On the other hand, excessive ground time and runup time can be harmful in the long term, because the engine temperatures do build up in many engines without the cooling airflow of flight. Even if the CHT doesn’t show this, “hot spots” can develop, which are not measured by normal instrumentation. On the normal runup, get the RPM up to APPROXIMATELY the figure called for, but anywhere within 100 RPM, or even 200 RPM is just fine. DON’T sit there and twiddle with the throttle, trying to get exactly 1700 RPM, or whatever. Get it up into the approximate range, do a quick prop check, do your mag check with a few seconds on each mag, note the engine instruments are all in the proper range, and pull it back to normal ground RPM (usually 1,000). With practice, this whole procedure shouldn’t take more than about 20 seconds from the time you leave 1,000 RPM, to the time you return to it. Properly done, there isn’t enough time for the CHTs to rise much, and that’s good.


DON’T INVENT POWER SETTINGS, unless you have the data and the knowledge to back it up! Please, do your engine a favor, and USE the specified MP and RPM! In general, if you have a power setting for takeoff, and another power setting for “maximum continuous” or “climb,” the engine has not been tested much at the in-between settings. In MANY engines, by reducing the throttle, you also lean the mixture, and this is NOT recommended, and usually NOT tested. Additionally, less than full takeoff power increases the time it takes to get to an airspeed that will properly cool the engine. In the single-engine airplanes, it leaves you lower longer, and in the twin, it will immensely complicate your problems if an engine fails.

In theory, given enough MP, all these engines can produce the same power for takeoff when lean of peak, and with cooler cylinder temperatures, too. Some of us have experimented with this, but it is not for the faint of heart, and you risk very serious and immediate damage if you make a mistake. In the future, special systems may make this the preferred method, and there is even talk of a “Full Time Lean Run” engine (FTLR) that will do it automatically. No, I’m not talking about TCM or Lycoming. For now, the risk-reward ratio is not good enough for most pilots.

Tornado Alley installs a two-speed electric boost on all their turbonormalizer systems, and they recommend its use in the “Low” position for takeoff and climb. On mine, turning it on at low power while entering the runway will make the engine run a bit rough from a too-rich mixture, so I generally wait until I’ve got full throttle, then I flip it to low. DO NOT use “High” for takeoff, and if you have only a single-speed pump, DO NOT use it for takeoff either, unless you have a failure of the engine driven pump.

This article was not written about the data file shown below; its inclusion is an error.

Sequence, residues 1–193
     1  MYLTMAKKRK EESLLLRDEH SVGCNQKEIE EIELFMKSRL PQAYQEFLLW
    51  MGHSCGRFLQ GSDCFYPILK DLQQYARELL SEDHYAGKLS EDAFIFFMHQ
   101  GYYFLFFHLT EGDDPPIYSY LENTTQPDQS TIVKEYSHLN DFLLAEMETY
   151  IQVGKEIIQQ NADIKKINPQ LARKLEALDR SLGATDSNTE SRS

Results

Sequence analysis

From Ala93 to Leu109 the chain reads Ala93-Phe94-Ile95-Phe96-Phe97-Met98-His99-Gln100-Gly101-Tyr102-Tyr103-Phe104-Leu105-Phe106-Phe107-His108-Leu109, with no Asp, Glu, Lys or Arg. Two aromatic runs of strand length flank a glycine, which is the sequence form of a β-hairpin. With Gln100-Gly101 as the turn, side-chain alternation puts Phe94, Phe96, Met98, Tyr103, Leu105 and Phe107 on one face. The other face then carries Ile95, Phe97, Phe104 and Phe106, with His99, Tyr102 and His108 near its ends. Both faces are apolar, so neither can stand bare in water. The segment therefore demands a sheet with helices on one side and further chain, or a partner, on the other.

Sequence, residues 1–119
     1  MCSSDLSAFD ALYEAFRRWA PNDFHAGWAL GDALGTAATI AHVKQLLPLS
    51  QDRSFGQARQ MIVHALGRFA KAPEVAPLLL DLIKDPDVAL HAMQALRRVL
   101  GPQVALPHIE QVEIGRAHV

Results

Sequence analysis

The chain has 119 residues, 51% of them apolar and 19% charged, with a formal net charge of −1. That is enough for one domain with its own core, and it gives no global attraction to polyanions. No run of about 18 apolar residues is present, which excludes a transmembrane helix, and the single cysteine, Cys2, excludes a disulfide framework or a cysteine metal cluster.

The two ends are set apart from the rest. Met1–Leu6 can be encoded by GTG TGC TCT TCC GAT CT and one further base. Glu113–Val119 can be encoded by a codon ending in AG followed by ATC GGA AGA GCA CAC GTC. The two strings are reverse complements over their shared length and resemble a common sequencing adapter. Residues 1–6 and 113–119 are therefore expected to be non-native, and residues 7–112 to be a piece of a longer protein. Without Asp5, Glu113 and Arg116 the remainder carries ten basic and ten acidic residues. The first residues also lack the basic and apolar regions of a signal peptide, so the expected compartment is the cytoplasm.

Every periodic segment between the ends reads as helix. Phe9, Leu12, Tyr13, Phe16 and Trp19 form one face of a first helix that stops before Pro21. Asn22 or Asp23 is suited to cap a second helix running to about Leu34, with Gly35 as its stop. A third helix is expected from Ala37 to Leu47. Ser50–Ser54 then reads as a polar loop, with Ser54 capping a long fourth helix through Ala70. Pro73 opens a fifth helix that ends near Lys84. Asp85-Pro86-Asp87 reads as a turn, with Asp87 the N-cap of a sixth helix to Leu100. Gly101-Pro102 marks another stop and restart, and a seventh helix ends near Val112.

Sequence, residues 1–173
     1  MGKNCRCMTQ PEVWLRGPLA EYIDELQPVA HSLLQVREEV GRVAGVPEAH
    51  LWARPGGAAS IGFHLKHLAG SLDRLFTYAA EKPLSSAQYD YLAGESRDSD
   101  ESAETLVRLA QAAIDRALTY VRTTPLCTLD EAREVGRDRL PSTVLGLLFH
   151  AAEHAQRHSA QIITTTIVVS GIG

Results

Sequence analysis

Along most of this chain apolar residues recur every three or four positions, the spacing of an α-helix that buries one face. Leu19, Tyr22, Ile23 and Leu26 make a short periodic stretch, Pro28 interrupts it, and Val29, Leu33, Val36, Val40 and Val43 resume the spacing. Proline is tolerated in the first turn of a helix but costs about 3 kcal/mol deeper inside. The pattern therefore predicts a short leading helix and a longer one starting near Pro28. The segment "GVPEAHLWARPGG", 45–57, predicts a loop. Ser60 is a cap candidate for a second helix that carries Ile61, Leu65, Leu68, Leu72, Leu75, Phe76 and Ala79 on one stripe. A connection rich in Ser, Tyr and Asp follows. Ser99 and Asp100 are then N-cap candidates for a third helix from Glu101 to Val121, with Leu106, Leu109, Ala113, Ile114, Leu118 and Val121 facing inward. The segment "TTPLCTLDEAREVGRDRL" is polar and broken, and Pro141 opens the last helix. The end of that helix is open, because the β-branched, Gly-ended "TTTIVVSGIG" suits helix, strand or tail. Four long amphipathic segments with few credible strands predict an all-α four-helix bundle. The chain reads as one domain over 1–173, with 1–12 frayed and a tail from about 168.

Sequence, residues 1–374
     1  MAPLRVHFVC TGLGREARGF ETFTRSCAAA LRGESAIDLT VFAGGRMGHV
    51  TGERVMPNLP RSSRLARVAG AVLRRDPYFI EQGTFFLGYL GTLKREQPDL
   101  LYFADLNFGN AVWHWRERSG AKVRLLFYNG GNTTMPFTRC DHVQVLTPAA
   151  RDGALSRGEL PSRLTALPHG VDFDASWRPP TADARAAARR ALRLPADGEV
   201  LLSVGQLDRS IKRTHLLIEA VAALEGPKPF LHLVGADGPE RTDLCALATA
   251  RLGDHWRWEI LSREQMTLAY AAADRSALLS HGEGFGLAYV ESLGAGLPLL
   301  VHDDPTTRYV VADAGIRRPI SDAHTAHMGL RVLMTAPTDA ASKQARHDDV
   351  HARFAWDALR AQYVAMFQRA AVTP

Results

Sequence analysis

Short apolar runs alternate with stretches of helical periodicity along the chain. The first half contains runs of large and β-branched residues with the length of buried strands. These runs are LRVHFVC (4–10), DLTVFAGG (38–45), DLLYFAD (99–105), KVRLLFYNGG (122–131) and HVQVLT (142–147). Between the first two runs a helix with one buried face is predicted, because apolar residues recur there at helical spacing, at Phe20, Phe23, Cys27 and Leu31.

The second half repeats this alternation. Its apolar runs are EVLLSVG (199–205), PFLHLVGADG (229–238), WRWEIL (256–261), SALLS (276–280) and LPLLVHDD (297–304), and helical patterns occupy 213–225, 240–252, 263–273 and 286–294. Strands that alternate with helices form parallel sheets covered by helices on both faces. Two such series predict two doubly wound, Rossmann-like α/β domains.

As on all takeoffs, you should take a quick peek at the engine instruments right after setting full power. Fuel flow is especially important, but look at RPM and MP, too. Next, take a quick glance at the engine monitor, to see what the graphical bars are doing. Very early on, you should develop awareness of what “pattern” you should see at takeoff power, so that you can recognize abnormalities when they occur.

During this instrument check on takeoff with the turbonormalizer, you will probably see a slight overboost on the MP if the engine oil temperature has not yet come up to full normal operating temperature. This is perfectly normal, very common on these engines, and an inch or two over redline MP won’t hurt a thing. If it goes above that, go ahead and reduce the MP to approximately redline, but not below. As the oil warms, you’ll need to add throttle again, to maintain that redline MP.

In summary, for takeoffs, full throttle, full redline RPM, and full redline fuel flow.


Unless you want to be a test pilot with your very expensive engine, climb should be at the power setting recommended by the manufacturer. That’s generally a full rich mixture, and some specific MP and RPM. On any engine, if the manufacturer approves or permits full throttle, USE IT, all the way to cruise altitude. You won’t hurt a thing, and it is probably better for your engine than some lesser power setting. If the manufacturer approves or permits full RPM, use that, too. Just like takeoff, resist the temptation to invent your own power settings.

With the Tornado Alley Turbo (TATurbo), more refined testing has been done on heavily instrumented engines for FAA certification, and a few minor exceptions result. During certification tests, in order to keep the CHTs down at altitudes around 15,000 feet, the fuel flow at the full rich position had to be set up so high that it is somewhat too rich at the lower altitudes. The result is that a little leaning at low altitudes is a good thing, as it will give you full rated power and a cleaner mixture, without getting too hot. I cannot tell you if other systems react the same way.